The last frantic hours of campaigning were more reminiscent of an American presidential race than a British general election, at least the sort of general election we have been used to. The leaders of the three main parties criss-crossed the country and pressed the flesh at a pace never seen before. Gordon Brown was up at dawn yesterday meeting market people in Leeds; Nick Clegg was on his way to Eastbourne, thence to Durham and on to Sheffield, while David Cameron rounded off an all-nighter – a first in British eve-of-poll politics – by meeting fishermen in Grimsby and being interviewed on breakfast television. Every minute mattered before an election where the opinion polls suggest that every vote will count.
The turnaround in the engagement of voters since the campaign began four weeks ago has been spectacular – and inspiring. The forecasts were all of public apathy and cynicism on the part of a population thoroughly turned off by politicians and politics. There were fears of a turn-out at least as low, if not lower, than the 61 per cent of 2005.
And disenchantment was most striking among the young. Only two months ago, the Electoral Commission reported that more than half of all eligible under 25 year-olds were not registered to vote. This had all the appearance of an election that would be decided by the older and supposedly more dutiful sections of the population. The young, it seemed, had essentially opted out, seeing nothing to be gained by taking part. The implications were dire, for the credibility of the next government, and the future of British politics.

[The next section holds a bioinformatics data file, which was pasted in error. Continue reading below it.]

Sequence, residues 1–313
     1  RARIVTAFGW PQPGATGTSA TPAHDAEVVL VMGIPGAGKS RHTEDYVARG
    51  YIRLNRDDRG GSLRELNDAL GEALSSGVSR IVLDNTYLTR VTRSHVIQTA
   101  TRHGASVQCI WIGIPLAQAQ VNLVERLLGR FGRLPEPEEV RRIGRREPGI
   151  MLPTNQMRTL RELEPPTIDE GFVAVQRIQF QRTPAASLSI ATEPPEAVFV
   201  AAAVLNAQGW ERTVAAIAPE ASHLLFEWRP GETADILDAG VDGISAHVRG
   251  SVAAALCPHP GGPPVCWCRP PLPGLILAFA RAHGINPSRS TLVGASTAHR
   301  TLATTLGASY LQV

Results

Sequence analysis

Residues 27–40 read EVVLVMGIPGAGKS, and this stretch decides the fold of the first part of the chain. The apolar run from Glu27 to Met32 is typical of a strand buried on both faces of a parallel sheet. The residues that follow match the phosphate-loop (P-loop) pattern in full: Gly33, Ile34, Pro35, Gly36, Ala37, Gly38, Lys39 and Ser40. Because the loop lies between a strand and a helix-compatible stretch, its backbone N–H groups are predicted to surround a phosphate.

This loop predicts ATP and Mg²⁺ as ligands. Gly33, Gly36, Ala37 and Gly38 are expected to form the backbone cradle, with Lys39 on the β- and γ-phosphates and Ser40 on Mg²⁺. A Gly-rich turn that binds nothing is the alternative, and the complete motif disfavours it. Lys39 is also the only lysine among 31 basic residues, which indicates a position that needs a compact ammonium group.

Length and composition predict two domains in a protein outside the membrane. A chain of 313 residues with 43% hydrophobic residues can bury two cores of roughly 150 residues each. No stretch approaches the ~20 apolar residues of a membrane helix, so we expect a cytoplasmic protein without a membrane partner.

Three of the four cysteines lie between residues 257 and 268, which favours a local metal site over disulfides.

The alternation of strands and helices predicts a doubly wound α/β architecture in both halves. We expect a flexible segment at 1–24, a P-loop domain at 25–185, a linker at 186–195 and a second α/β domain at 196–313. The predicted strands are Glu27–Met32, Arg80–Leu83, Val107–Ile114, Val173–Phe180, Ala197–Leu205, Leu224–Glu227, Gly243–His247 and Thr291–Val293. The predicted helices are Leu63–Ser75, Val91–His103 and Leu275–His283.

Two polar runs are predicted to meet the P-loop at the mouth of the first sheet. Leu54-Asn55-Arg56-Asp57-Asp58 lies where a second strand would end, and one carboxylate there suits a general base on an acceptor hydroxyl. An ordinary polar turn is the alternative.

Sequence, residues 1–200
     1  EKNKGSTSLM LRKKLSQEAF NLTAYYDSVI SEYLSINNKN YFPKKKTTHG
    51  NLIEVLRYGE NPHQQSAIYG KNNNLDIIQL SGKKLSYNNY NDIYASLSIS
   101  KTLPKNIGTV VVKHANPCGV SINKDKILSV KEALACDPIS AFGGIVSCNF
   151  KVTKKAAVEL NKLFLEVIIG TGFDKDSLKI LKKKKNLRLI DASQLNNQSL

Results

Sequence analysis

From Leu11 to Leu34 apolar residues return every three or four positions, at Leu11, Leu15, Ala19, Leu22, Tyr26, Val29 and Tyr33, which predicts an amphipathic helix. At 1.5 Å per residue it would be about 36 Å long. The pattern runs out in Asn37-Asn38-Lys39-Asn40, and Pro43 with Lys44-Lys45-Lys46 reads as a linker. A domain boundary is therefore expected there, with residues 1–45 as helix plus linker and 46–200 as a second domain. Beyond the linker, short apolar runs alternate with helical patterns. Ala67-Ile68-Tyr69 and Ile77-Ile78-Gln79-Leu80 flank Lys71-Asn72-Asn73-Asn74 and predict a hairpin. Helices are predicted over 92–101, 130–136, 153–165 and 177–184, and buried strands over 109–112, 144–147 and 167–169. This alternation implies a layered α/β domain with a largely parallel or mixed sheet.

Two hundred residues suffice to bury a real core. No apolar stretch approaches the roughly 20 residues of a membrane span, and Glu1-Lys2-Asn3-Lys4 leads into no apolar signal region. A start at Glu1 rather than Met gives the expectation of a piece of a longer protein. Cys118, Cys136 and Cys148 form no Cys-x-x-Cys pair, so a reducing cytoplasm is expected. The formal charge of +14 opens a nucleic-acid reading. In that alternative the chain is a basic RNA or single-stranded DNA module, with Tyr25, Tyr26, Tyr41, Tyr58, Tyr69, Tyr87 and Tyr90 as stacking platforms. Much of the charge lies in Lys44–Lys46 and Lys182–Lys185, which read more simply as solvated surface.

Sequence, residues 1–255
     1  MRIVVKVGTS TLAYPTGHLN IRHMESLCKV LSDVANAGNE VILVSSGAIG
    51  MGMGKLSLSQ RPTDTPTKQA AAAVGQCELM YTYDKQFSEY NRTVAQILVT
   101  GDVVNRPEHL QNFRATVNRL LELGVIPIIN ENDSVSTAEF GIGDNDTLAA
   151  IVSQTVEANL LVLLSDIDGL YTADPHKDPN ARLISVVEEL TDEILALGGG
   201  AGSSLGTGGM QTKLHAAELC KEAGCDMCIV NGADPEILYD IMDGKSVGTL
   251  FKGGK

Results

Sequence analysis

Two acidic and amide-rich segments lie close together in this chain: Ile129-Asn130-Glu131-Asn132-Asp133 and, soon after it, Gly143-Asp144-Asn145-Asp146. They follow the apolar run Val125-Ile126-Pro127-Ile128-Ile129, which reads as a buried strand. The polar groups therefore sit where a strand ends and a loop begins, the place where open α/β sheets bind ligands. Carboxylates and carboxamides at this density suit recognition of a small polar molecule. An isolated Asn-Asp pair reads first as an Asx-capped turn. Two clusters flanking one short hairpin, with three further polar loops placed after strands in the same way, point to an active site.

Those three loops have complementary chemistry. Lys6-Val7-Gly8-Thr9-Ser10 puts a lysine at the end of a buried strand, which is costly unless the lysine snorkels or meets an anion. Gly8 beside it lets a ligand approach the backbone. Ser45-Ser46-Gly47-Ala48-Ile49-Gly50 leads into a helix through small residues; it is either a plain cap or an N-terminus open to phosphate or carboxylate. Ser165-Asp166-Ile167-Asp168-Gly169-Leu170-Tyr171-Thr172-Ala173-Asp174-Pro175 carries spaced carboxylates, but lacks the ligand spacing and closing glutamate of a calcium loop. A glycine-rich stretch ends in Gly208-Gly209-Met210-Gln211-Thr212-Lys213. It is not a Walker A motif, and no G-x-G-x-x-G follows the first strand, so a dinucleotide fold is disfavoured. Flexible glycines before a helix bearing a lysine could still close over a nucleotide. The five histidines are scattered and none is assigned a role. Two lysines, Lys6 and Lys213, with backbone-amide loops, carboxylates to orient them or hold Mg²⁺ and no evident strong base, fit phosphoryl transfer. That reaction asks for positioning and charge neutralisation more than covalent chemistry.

Much of the credit for the transformation must go to television, and the televised debates in particular, which brought the contest alive in homes across the country. They are now established as an integral part of the electoral process. Britain embraced the genre later than most democratic countries, and only because – finally – the Prime Minister and the leader of the Opposition both agreed to take part. They also accepted the inclusion of the third party. That, arguably, marked the point at which this campaign, and British politics, changed.
The debates are not without their critics. Looks, confidence, and a telegenic manner will from now on be required qualities in a political leader; competence alone will not be enough if the politician cannot project it on the small screen. And although ours is a parliamentary system, in which we vote – currently – for one MP, the national party leader has taken on almost presidential significance. The leaders' television performances are bound to influence individual constituency votes. Those who have called this The X-Factor election are not completely wrong.
But so what? The appearance of the three party leaders on one platform, the fact that they were taking questions from ordinary voters, and the immediacy of the medium all improve the quality of our democracy and bring it up to date. Nick Clegg, in successfully presenting the Liberal Democrats as different from both "established parties", gave voters an alternative many had desperately sought. There followed a surge in the registration of new voters, especially voters under 25. Politics had at last found a language hitherto disaffected young people could understand.
Nor is this all: the closeness of the polls has increased the number of constituencies that are in play. So while more people, including young people, are registered to vote, more people's votes will also matter. This election has generated a national conversation. But if those young first-timers who have been galvanised to vote – by The X Factor, by "Cleggmania", or whatever – are to be convinced that their vote will count, not just now, but next time and the time after that, the system has to be reformed. Which is why this is not only a contest to savour, but also an opportunity to seize.